History of Hua Hin

Hua Hin is a city where an atmosphere of well-being and tranquility reigns.

It is a city of sandy beaches, green hills, waterfalls and mysterious caves, whose coast is washed by the waves of the Gulf of Thailand, has a long history, from which its name derives.

In 1834, some agricultural areas in the province of Petchaburi suffered a severe drought. A group of farmers moved south and discovered a small village that struck them, with it’s white sands on the sea coast and green hills along the shore. They settled here, and called this place Samore Riang, which translates to “Stone Head”.

Hua Hin is a district of the province of Prachuapkirikan, and is located about 180 kilometers south-west of Bangkok. It’s about 3 hours drive by car or bus, and about 5 hours by train, and a realaxing scenery of random, steep hills and sometimes dense forest, with glimpses of the coast along the way.

Hua Hin Summer Palace — Klai Kang Won Palace

Hua Hin is closely connected to the Thai royal family. King Prajadhipok (Rama VII), liked this place so much, that he built a summer palace in 1926 (completeled 1933). It was named Wang Klai Kang Won (Far from Cares). It was the residence of His Majesty the King of Thailand, Bhumibol Adulyadej (Rama IX), until his death on October 18, 2016, at the age of 88. At the time of his death, he was the the longest reigning head-of-state in the world, and the longest reining Monarch in Thai history at 70 years, 126 days. The King’s Summer Palace is located in the north of Hua Hin. It is built right next to the sea, and its gardens are filled with various exotic plants. Built on around several large lakes, the palace is open for tourists to visit in the morning and in the afternoon, but you must dress appropriately. It is necessary to dress with knees and shoulders covered (no tank tops, or spaghetti strap dresses… dresses may be worn, but they may not be shoulder bearing or sleeveless, and need to come down to at least below the knees. Shorts and a t-shirt are acceptable for men to wear).



If you go on an excursion along the Gulf of Thailand, you will see the ships of the Thai fleet – this is the sea guard of the palace. At night, these ships illuminate the horizon, and create a truly unforgettable impression for those who stroll or dine at numerous restaurants along the beach.

In contrast to Pattaya, Thailand’s most famous seaside destination, Hua Hin is a much more calm and charming resort town, perfectly suitable for families. It’s a picturesque town, that has managed to retain the typical Thai flavor, despite tourism and modernazation. Among wealthy Thais, it is considered a very prestigious city to own real estate in.

Here you will find entertainment for pretty much any imaginable taste: Golf, Horse-back riding along the beach, Kite-surfing, Water skiing and wake-boarding, Wind-surfing, kite flying, fishing (both fresh and salt water), Walking/ hiking in the national park, elephant riding, a floating market, tourist markets, souvenir shops,and  restaurants of dozens of different cuisines,  with an abundance of dishes that will not leave even the most sophisticated tourist dissapointed.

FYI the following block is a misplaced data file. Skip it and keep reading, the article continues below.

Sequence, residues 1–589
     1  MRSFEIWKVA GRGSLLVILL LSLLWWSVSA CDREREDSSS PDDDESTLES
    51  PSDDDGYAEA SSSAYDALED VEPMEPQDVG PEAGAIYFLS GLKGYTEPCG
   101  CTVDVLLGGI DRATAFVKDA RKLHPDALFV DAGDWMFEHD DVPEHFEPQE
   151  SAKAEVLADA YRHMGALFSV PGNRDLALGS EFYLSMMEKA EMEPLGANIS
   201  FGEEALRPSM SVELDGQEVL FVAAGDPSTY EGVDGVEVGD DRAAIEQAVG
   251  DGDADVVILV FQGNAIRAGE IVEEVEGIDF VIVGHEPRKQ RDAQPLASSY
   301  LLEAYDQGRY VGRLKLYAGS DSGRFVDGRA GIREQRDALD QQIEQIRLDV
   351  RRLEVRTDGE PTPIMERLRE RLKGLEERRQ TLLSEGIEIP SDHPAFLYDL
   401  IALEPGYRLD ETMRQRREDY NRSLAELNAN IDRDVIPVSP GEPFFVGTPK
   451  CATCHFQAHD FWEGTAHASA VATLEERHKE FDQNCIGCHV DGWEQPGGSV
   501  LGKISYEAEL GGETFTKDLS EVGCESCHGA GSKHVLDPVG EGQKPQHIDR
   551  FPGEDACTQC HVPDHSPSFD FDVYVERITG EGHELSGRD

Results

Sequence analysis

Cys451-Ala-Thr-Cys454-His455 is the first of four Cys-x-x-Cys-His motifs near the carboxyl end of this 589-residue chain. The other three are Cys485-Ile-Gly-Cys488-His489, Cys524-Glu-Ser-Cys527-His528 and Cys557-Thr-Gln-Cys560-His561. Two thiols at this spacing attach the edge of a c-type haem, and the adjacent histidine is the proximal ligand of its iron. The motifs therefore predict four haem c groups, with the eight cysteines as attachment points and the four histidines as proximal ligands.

If you take a walk past the Hilton hotel, you will come to a small pier. Here you can not only look at Thai fishing boats with their daily catch, but also watch the local fishermen who fish along the pier. At night, looking at the Gulf of Thailand, you will see a horizon dotted with green neon lights, used by Thai fishing boats to lure squid, a tasty Thai favorite, cooked just about every way possible, including not at all.

Hua Hin Railway Station

One of the oldest historical buildings of Hua Hin is the Railway Station. It is a famous landmark of Hua Hin, and althought small, it is one of the most beautiful railway stations in Thailand. Along with the construction of this station in 1911, Hua Hin itself began to develop, becoming a resort. In 1920, there was a Royal waiting room where the members of the royal family waited for the train. This room is now closed and not used.

The station itself is built entirely of wood in a traditional Thai style, and is surrounded by verdure. More than a hundred years after the construction, this station remains operational, and trains arrive and depart multiple times every day, to and from Bangkok, and to other cities in the south of Thailand, all the way down to the border of Malaysia.

At the station you will see a sign with the name of the city; this image is universally used in souvenir products, so this sign has become a kind of symbol of Hua Hin, and makes for a great background for photos.

Sofitel Hua Hin Hotel

Another famous landmark in Hua Hin is the hotel Sofitel. It was built in 1920 as a railway hotel. Located directly on the beach, just down the street from the train station, it  is one of the most beautiful hotels in Hua Hin. By order of King Rama VI in 1922, the oldest, and most famous place to golf, the Royal Hua Hin Golf Course, was built to welcome hotel guests.

Though Hua Hin is a small city, it will not be a waste of your time. Even if you are not too interested in history, the King’s Summer Palace is simply stunning, there are numerous, beautiful temples, and the railway station is a great place for unforgettable photos. From the golf course, to the railway station, to the Sofitel Hotel and its beautiful architecture, it is truly a paradise, and especially for beach lovers.

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